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Kosovo Moves Toward Independence, While a Crisis Shakes Timor

Ethnic Albanians prepare to cut the world's newest country out of Serbia. In East Timor, troops search for suspected rebels after attacks on that young nation's leaders. Transcript of radio broadcast:

This is IN THE NEWS in VOA Special English.

Kosovo is expected to declare its independence from Serbia in the coming days, possibly on Sunday.

Serbia's newly re-elected President Boris Tadic says he will never give up his fight for Kosovo, but will also fight for Serbia to join the European Union.

He said Friday that Serbia would reduce diplomatic relations, but not cut ties, with countries that recognize an independent Kosovo.

Kosovo's leader, Hashim Thaci, is calling on displaced Serbs living outside Kosovo to return.

Serbia and its chief ally, Russia, say Kosovo's independence will lead to separatist efforts by other dissatisfied territories across the world.

Serbia has offered self-rule for Kosovo, which it considers an important part of its history and territory. Yet Serbia has not controlled the southern province since nineteen ninety-nine. That was when NATO bombed the former Yugoslavia until Yugoslav military leaders agreed to withdraw troops from Kosovo.

About two million people live there. Ninety percent are ethnic Albanian. The area is currently administered by the United Nations and policed by sixteen thousand NATO-led peacekeepers.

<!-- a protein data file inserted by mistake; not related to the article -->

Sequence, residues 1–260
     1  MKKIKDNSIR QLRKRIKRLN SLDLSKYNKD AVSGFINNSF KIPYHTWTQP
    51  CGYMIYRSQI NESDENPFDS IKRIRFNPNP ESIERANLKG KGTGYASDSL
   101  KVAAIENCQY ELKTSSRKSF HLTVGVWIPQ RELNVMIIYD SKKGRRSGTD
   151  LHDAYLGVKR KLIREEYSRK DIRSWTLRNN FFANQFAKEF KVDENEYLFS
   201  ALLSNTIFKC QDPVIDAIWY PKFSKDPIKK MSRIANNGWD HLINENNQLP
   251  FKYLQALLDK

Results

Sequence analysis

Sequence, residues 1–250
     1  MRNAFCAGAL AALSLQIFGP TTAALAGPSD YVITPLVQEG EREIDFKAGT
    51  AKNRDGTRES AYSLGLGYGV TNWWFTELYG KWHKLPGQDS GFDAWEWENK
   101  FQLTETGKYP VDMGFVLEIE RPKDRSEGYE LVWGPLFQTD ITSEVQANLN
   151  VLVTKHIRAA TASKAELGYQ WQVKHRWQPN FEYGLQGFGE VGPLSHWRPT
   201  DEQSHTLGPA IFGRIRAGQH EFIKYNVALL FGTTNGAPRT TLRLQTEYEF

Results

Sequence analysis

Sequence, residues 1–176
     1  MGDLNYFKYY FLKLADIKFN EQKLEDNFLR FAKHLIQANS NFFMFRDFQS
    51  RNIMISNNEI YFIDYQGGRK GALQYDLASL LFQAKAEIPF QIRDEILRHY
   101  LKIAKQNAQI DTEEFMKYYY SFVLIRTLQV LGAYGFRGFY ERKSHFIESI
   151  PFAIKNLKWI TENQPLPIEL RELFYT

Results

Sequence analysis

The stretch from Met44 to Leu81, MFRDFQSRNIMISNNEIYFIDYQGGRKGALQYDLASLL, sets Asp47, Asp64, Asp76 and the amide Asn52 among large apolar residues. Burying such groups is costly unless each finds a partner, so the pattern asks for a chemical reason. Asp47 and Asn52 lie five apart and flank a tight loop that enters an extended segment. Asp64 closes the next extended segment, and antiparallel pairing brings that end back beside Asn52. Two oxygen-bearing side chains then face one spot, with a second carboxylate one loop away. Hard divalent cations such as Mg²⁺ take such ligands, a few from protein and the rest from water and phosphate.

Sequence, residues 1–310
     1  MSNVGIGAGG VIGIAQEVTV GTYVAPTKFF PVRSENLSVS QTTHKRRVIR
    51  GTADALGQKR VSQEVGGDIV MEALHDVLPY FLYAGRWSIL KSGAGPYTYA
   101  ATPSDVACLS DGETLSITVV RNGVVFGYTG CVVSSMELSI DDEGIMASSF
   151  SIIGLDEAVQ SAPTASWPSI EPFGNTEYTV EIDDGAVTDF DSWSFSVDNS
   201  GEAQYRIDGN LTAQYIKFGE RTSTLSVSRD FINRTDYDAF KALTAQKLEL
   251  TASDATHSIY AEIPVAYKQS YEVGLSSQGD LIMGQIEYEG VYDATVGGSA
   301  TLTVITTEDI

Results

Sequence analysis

The United States and most European countries support independence. Once Kosovo acts, the European Union plans to take over many of the administrative duties now held by the United Nations. Serbia and Russia say that plan is illegal.

In March of two thousand four there was violence mainly against ethnic Serbs in Kosovo. That led, almost two years later, to the opening of international negotiations on Kosovo. Finally, in December, the United Nations Security Council declared itself in hopeless disagreement.

As Kosovo prepares to become the world's newest country, the six-year-old nation of East Timor struggles with a crisis. Foreign troops are searching for suspected rebels after attacks against its leaders.

On Monday, president and Nobel Peace Prize winner Jose Ramos-Horta was shot twice and seriously wounded. Gunmen later shot at Prime Minister Xanana Gusmao but he escaped unhurt.

Wanted rebel leader Alfredo Reinado died in a gunfight with guards during the attack at the president's home in Dili, the capital. He escaped from prison after being found guilty of inciting clashes between government forces and former rebels in two thousand six.

East Timor, or Timor-Leste, is a former province of Indonesia, and one of the world's poorest countries. On Wednesday the government of the young democracy extended a state of emergency for ten days.

Australia has more than one thousand soldiers and police there, including extra forces sent after the shootings. Australian Prime Minister Kevin Rudd briefly visited Dili Friday. He later visited President Ramos-Horta at a hospital in Darwin, Australia.

And that's IN THE NEWS in VOA Special English, written by Brianna Blake.